From London To Madrid To Berlin: Europe's Cab Drivers Stage Uber Protest States
Perhaps the 'disruptive' taxi company's name refers to its valuation more than its 'worth' as Uber's dramatic expansion plans to take over the world are hitting a rather large snag in Europe. As WSJ reports, taxi drivers planned to turn a handful of European city centers into giant parking lots Wednesday, protesting the mobile car-hailing service. Uber has been subjected to scrutiny elsewhere, including the U.S. and Canada. But the hurdles have been higher in Europe, where taxi drivers tend to be well organized. The industry is often more heavily regulated, and governments are more willing to actively protect sectors under threat of job losses. Across Europe, as the map below shows, Uber is facing a series of legal challenges; which makes, as NYU valuation guru Aswath Damodaran confirms means the $18 billion number "is likely wishful thinking."
The demonstrations highlight some challenges facing Uber and its peers as they race to increase revenue and woo investors.
But the scale of the planned protests across Europe also underscores the extent to which the technology has upended one of the world's most regulated industries.
Uber is facing a series of legal challenges, including a potential decision by a London court about whether the company's app constitutes a cab meter. A U.K. regulator has deemed Uber legal, but the service could be hampered if a court rules otherwise. In Brussels and Berlin, Uber is facing court rulings that have effectively barred the service.
Uber executives have embraced the protests as a chance to show how useful the service is. "If anything, it's going to make Uber even more visible, and make a lot of people realize that they now have choices that they didn't have before," said Pierre-Dimitri Gore-Coty, Uber's general manager of Western and Northern Europe.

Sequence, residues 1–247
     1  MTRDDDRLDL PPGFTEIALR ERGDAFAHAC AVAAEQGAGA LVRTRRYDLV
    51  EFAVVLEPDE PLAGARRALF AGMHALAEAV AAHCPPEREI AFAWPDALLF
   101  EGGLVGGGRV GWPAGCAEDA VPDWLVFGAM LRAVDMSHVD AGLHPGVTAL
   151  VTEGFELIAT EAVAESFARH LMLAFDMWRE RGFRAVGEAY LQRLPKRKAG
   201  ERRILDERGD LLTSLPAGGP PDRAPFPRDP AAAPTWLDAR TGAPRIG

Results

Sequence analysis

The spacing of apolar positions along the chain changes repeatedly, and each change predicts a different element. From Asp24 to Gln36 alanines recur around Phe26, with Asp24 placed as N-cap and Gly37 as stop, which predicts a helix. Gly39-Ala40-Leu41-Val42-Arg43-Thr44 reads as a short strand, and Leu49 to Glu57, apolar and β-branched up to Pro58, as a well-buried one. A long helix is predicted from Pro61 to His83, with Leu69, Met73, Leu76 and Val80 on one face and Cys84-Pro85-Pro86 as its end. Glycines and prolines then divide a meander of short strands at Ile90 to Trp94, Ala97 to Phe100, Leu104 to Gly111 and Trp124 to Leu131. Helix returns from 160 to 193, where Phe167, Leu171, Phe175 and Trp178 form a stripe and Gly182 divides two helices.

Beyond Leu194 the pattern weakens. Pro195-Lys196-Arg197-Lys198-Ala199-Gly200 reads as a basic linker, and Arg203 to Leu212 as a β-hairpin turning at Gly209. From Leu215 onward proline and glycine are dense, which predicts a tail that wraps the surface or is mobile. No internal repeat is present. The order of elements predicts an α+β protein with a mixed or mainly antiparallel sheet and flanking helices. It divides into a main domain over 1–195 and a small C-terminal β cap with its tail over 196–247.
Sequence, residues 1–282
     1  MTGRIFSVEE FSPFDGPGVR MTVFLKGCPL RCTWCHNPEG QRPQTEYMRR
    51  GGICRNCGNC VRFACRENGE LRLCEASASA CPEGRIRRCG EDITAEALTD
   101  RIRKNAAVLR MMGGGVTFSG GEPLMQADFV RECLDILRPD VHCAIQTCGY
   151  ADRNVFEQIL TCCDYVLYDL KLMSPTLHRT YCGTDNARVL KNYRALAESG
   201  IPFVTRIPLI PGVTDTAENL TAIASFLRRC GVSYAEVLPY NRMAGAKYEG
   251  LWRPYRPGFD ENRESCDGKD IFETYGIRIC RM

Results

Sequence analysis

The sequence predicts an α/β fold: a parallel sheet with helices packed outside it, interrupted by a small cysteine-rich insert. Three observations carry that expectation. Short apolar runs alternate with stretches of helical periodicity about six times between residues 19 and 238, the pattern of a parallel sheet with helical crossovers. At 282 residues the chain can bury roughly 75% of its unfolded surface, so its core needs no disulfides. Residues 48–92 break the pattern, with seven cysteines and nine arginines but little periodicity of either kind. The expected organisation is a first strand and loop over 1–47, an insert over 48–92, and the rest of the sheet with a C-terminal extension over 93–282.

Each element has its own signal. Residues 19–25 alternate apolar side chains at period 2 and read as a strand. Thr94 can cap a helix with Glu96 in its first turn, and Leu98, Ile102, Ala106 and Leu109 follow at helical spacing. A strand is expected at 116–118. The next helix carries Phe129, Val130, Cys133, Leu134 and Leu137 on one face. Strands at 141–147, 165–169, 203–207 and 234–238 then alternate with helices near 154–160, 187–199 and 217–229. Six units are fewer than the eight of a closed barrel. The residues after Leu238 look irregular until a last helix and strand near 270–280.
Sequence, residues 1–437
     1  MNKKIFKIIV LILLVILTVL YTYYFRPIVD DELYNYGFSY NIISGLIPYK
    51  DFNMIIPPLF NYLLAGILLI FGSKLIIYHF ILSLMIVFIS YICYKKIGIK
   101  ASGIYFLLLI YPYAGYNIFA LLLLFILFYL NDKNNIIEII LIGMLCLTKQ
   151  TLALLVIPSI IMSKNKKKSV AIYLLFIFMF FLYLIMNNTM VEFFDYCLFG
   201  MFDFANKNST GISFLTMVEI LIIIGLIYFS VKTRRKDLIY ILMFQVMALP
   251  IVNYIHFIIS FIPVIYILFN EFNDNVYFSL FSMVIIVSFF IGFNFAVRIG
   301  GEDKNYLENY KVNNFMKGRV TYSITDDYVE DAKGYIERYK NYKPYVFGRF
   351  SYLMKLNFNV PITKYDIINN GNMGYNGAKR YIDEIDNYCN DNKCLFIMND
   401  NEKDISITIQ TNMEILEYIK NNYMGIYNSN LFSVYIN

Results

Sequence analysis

And here is Damodaran explaining his $6 billion valuation... (via qz)
Damodaran starts with three key assumptions: That the global taxi market is roughly a $100 billion a year business, that Uber can gain 10% of that market, and that it will be able to continue keeping 20% of customer payments, as it does now (the rest goes to the driver). But he helpfully gives us this matrix to see what would happen if you kept that 20% of gross receipts constant but increased the market size, or Uber’s share of it:
Basically, to get to $17 billion or more (the yellow boxes above), you need to believe either that the market for car services is much bigger than Damodaran’s estimate, or that Uber will be able to capture far more than 10% of it, or a mix of both. These are tricky propositions, especially considering the wealth of competition (both old-school taxis and newer competitors like Lyft). And assuming that Uber can hold on to 20% of gross receipts may be generous, too, since regulation could increase its costs, or competition could oblige it to pay its drivers a bigger cut.
What could go wrong?
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